Polythene Sonata Product (2014)
For Flute (alternate Saxophone(s)), Clarinet(s), Violin, Cello, Piano and Percussion
Commissioned and premiered by the St. Olaf College Chamber Players
Premiere performance, October 2014, St. Olaf College
Further performances by Latitude 49 at New Music Detroit, Constellation in Chicago, Spectrum, NY, et al.
Latitude 49 New Music Group
As a music theory teacher, I always tell my students that Sonata Form is all about contrast and conflict. The two themes and keys struggle for supremacy while the audience enjoys that battle.
I wanted to create a piece where this conflict inherent in sonata form would be magnified, and instead of nice, smooth transitions we would get more abrupt, violent and sometimes even bewildering ones. The result is in a kind of sonata form, but not really. It’s more like a Sonata-like product. There are indeed two contrasting themes, and there is even a recapitulation, but there is also much more in between —and around— these features.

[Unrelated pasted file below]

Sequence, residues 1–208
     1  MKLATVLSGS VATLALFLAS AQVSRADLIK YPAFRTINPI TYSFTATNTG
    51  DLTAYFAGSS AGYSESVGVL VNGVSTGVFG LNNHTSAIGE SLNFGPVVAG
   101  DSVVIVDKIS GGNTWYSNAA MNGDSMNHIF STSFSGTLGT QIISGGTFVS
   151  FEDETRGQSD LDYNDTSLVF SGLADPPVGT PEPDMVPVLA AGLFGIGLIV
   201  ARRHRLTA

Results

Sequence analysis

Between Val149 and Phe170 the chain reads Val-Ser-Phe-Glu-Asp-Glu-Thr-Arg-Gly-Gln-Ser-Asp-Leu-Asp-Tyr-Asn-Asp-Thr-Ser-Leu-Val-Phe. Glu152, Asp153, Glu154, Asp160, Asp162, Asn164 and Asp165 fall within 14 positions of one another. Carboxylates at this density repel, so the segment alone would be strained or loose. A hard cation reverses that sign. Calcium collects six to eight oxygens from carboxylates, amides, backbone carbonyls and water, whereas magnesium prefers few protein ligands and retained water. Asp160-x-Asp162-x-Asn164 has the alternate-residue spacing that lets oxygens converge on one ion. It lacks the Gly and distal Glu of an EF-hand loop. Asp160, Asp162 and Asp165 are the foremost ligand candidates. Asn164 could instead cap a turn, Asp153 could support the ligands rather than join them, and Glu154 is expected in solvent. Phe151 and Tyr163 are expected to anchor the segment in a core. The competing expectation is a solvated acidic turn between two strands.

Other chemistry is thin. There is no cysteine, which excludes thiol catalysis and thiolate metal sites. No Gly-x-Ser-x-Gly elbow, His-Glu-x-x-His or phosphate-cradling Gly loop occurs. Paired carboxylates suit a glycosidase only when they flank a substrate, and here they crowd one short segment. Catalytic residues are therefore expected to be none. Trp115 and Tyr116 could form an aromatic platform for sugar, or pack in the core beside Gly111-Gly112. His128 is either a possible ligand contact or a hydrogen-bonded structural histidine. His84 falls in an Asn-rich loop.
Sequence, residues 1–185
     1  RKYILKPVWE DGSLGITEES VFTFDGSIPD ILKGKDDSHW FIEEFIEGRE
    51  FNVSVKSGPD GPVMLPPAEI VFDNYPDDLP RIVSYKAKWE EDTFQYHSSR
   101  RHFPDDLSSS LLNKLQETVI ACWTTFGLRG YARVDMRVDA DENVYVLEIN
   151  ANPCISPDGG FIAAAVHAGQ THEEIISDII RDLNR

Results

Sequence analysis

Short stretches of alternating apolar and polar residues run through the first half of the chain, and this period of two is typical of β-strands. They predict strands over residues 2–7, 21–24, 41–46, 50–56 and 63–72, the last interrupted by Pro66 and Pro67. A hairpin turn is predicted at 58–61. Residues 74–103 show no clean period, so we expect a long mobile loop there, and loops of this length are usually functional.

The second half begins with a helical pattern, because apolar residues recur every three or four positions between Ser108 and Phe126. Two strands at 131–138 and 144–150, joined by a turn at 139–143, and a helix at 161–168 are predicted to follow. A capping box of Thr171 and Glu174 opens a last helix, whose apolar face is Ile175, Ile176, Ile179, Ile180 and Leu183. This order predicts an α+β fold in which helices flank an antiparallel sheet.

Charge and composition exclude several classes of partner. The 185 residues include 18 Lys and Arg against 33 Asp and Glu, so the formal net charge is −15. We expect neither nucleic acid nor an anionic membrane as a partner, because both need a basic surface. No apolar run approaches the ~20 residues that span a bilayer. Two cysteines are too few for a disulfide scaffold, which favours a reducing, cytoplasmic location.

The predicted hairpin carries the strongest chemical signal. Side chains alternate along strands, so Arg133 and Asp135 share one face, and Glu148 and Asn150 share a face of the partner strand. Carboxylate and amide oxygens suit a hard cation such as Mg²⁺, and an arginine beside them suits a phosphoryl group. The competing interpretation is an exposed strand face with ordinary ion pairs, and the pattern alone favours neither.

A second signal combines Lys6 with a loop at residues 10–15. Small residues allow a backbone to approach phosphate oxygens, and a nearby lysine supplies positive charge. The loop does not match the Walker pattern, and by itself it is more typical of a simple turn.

I liked the way the title “Polythene Sonata Product” sounded as a phrase, and it conveys both the sonata-like structure and the influence of pop music (especially in its groove-based rhythms). The image of a factory generating thousands of copies of this Sonata Product was one that stayed in my mind as I was composing the piece. This industrial feel is at its most apparent in the latter portions of the piece. The word “Polythene” refers to a kind of plastic, and then term was perhaps immortalized by The Beatles in their song “Polythene Pam,” which is —somewhat ironically— not a real influence on this work.